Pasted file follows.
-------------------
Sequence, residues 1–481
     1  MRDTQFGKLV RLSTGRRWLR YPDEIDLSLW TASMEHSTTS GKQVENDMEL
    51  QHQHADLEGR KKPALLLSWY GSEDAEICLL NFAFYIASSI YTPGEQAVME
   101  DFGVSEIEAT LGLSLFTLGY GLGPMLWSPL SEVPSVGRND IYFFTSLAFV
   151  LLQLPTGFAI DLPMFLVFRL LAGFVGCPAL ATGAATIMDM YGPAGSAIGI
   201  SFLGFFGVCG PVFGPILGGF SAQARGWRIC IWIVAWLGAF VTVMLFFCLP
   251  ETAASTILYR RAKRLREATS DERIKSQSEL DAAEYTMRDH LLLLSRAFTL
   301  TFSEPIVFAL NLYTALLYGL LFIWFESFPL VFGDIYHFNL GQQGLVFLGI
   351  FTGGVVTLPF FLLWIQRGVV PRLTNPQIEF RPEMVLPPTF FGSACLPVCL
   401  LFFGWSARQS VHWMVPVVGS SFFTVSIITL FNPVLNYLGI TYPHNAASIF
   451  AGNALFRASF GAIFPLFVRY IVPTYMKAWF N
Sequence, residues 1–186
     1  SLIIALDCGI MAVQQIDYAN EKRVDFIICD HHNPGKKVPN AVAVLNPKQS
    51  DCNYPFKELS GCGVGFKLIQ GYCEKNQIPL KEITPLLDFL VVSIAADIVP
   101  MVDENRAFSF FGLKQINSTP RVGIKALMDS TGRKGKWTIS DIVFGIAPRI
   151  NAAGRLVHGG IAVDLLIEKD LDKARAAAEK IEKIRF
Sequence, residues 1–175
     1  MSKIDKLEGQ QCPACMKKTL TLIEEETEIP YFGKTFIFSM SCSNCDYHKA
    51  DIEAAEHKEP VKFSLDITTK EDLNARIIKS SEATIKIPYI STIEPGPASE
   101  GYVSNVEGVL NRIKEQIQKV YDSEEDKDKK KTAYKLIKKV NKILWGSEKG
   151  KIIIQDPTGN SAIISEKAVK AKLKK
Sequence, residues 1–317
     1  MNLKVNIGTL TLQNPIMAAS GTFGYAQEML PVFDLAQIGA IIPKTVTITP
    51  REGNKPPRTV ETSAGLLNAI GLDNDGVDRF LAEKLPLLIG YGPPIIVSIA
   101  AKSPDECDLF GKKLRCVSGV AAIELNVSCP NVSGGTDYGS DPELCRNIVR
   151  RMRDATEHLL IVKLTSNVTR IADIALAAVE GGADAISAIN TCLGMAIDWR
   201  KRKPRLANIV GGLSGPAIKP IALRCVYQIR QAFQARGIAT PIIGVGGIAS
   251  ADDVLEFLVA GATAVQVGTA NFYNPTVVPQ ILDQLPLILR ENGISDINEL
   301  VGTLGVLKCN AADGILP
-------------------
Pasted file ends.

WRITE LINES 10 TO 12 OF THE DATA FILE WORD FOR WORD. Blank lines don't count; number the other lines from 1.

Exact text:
   401  LFFGWSARQS VHWMVPVVGS SFFTVSIITL FNPVLNYLGI TYPHNAASIF
   451  AGNALFRASF GAIFPLFVRY IVPTYMKAWF N
Sequence, residues 1–186